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UN 'appalled' at Iran prison sentence

Prominent Iranian human rights activist Narges Mohammadi, second right, sits next to Iranian Nobel Peace Prize laureate Shirin Ebadi, second left, and the now deceased poet Simin Behbahani, left, while attending a meeting on women"s rights in Tehran, Iran on 27 August 2007 Image copyright AP

The UN says it is appalled at a further 10-year prison sentence imposed by Iran on a prominent human rights activist, already serving six years in jail.

Nargis Mohammadi was found guilty of several different charges including “founding an illegal group”.

Ms Mohammadi, who works closely with the Nobel Peace Prize winner Shirin Ebadi, had been campaigning against the death penalty in Iran.

Iranian officials have not commented on the sentence.

Ms Mohammadi was the vice-president of the banned Defenders of Human Rights Center.

It was founded by Shirin Ebadi, who left Iran after the disputed re-election of then-President Mahmoud Ahmadinejad in 2009, which was followed by protests and a harsh crackdown by authorities.

Supporters say Ms Mohammadi was sentenced in Tehran’s Revolutionary Court on charges including planning crimes to harm the security of Iran, spreading propaganda against the government and forming and managing an illegal group.

If the sentences are upheld, she will have to serve at least 10 years on the most serious charge, as the Iranian penal code stipulates that those convicted of multiple charges serve the longest sentence.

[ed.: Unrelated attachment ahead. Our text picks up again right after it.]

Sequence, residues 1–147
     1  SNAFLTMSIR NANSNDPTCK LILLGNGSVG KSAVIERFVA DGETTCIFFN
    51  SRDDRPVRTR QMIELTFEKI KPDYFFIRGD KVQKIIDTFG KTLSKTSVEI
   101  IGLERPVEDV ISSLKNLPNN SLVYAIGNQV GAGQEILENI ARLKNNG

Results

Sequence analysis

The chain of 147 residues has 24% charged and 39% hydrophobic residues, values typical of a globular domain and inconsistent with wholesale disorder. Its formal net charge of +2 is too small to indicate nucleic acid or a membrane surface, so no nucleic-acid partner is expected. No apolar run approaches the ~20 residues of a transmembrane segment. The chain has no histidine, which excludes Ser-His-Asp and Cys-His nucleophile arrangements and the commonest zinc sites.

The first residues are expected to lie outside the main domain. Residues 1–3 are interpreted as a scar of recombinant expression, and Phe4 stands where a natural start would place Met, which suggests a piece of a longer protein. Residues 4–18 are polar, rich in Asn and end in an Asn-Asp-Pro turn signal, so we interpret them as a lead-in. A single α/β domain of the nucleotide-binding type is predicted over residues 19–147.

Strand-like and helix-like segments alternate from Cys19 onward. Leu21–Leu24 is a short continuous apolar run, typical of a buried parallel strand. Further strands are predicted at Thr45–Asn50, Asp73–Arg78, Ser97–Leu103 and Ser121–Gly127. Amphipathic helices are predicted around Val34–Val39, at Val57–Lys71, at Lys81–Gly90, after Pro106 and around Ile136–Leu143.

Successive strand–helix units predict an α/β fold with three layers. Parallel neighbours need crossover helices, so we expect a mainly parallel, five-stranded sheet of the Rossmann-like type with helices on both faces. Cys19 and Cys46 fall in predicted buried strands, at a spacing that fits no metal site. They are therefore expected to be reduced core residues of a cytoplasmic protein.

The new sentence will be on top of the six-year sentence she is serving at the moment.

‘Chilling example’

The office of the UN’s High Commissioner for Human Rights (OHCHR) said it was “appalled” by Ms Mohammadi’s sentence.

“Her sentencing is illustrative of an increasingly low tolerance for human rights advocacy in Iran,” it said in a statement.

The statement said Iran had reportedly denied Ms Mohammadi specialised medical care.

Amnesty International’s Middle East and North Africa Director Philip Luther said Ms Mohammadi’s sentence was “yet another chilling example of Iran’s use of vaguely- worded national security charges to crack down on peaceful freedom of expression”.

Amnesty also says the Iranian authorities have denied Ms Mohammadi contact with to her nine-year-old twin daughters.

The children have had to move abroad to live with their father as there was no-one to look after them in Iran.


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